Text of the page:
“Yennenga, tree from which the Mossi people grew” Yennenga was the daughter of Madega the legendary 12th century ruler of the kingdom of Dagbon in what is now northern Ghana. A powerful warrior in her own right, Yennenga lead soldiers into battle at the age of only 14. Matchless with the bow and spear, she was a legendary horsewoman who won many battles in her father’s name. When she came of age and expressed the desire to marry, her father refused. In protest, she planted and entire crop of Okra and let it rot in the field to show how she felt her life was withering away and her time to start her own family was passing her by. Her father was unmoved, so she escaped her father’s compound disguised as a man. Upon leaving her father’s kingdom she met a young Malinke prince and elephant hunter named Riale. They fell in love and had a son Ouedraogo, who became the first Mogho Naba (king) of the Mossi empire. Though Ouedraogo was the their first king the Mossi credit Yennenga as the founder of their nation and the royal horseman of Mossiland, to this day still carry her legacy forward.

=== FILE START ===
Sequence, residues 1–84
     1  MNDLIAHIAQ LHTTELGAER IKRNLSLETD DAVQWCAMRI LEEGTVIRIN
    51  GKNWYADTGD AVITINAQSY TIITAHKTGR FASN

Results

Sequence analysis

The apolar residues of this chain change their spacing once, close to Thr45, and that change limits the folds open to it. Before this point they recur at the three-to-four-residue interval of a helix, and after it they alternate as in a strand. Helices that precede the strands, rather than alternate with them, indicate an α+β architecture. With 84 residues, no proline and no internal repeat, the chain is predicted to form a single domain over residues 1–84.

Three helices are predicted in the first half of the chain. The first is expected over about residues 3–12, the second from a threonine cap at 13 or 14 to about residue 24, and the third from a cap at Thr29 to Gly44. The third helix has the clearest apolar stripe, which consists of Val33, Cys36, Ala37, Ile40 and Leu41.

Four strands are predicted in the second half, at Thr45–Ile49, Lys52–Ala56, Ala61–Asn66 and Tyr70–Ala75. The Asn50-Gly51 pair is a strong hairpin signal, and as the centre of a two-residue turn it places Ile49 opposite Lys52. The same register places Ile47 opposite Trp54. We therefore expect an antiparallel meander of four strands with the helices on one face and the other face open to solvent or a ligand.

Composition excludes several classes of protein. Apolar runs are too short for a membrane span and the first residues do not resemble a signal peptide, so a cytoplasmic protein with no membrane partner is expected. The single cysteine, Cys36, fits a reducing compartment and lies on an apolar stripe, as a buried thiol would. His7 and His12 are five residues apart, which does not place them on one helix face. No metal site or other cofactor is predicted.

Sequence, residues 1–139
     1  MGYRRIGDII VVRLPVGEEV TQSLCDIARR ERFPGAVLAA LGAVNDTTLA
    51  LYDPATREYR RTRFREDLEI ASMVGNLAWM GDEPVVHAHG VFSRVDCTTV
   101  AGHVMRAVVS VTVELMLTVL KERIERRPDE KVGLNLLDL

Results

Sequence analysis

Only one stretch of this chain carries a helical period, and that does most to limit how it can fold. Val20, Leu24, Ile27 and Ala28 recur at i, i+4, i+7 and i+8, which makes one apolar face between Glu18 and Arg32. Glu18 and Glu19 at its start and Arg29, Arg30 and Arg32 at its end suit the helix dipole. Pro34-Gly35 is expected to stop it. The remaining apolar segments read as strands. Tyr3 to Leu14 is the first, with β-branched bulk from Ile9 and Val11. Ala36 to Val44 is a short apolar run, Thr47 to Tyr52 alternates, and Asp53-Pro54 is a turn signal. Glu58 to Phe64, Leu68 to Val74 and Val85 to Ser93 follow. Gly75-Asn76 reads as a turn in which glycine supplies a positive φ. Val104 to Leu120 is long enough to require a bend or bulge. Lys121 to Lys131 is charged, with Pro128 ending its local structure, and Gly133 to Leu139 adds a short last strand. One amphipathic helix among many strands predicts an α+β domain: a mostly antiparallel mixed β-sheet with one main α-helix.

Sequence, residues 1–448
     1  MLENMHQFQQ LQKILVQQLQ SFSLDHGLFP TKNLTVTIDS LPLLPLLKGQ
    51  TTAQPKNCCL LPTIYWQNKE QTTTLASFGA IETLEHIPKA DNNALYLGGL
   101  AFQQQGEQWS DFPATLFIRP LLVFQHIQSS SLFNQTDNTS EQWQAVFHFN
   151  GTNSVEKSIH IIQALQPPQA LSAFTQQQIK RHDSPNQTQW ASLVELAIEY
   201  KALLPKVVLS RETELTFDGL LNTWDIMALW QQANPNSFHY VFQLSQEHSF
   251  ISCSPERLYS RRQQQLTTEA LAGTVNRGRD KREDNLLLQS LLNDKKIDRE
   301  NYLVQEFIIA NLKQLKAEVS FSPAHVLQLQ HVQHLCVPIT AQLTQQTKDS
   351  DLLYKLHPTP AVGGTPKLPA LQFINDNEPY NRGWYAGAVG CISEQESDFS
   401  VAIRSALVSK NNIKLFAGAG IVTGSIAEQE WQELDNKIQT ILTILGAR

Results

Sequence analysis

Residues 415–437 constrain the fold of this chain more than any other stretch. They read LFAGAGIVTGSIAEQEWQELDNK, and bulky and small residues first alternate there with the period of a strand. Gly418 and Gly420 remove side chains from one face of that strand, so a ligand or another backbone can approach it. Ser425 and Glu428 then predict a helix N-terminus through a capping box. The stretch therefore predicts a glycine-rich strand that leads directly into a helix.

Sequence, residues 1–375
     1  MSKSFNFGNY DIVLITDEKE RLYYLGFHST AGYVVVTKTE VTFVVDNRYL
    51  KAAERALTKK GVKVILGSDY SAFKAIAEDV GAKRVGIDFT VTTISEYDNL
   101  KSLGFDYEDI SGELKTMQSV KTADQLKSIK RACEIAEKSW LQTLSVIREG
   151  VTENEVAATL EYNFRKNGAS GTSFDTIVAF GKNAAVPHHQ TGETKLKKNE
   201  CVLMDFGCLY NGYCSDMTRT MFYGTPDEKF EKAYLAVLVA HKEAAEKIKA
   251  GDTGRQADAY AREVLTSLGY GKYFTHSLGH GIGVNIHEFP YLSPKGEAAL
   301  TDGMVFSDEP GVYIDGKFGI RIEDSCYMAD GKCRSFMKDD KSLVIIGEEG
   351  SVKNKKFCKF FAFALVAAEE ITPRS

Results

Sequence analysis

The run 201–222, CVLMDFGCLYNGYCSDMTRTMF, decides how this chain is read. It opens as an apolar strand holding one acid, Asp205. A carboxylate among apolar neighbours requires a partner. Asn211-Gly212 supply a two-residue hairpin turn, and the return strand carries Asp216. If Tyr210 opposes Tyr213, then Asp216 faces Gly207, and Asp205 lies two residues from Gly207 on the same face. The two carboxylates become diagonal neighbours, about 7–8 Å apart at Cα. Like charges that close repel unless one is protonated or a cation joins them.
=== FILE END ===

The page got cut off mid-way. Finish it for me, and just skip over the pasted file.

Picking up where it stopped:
“One who Descended to the earth on the Iron Chain” “Lawgiver of The Earth” Oduduwa is the legendary first Ooni (king) of Ile Ife the ancient center of the Yoruba civilization, located in what is now southwestern Nigeria and eastern Benin Republic. The identity and even gender of this legendary figure differs depending on where in Yorubaland you hear the story. Although there are various legends surrounding this enigmatic leader, the most commonly recorded legend claims that he was one of the Orisa, ancient spirits of natural and civilizing forces, worshipped by the Yoruba people and their descendants in the Americas. In a popular legend his brother Obatala was tasked with the creation of the world, but became drunk off of palm wine and failed to complete his task. Olodumare, The supreme being then sent Oduduwa in his stead. Oduduwa descended into the world on the Iron chain holding a snail shell, and accompanying him was the rooster and the Chameleon. When he arrived on the earth he upturned the snail shell and sand poured forth. The rooster (akuko) then spread the sand to the four corners of the world and the chameleon (Oga) tested the stability of the earth with its careful steps. Yoruba historians have interpreted the legend to be a metaphor for ancient conflicts between warring dynasties vying for power over Ile-Ife and its vast resources. The story also mythologizes the consolidation of Ile-Ife into one of Nigeria’s earliest metropolises. His son’s and daughters dispersed from Ife founding the 16 ancient Yoruba kingdoms. Whichever legend you choose to believe, Oduduwa’s place in Yoruba history cannot be denied. He is so important that the Yoruba people often refer to themselves as Omo Oduduwa (the children of Oduduwa).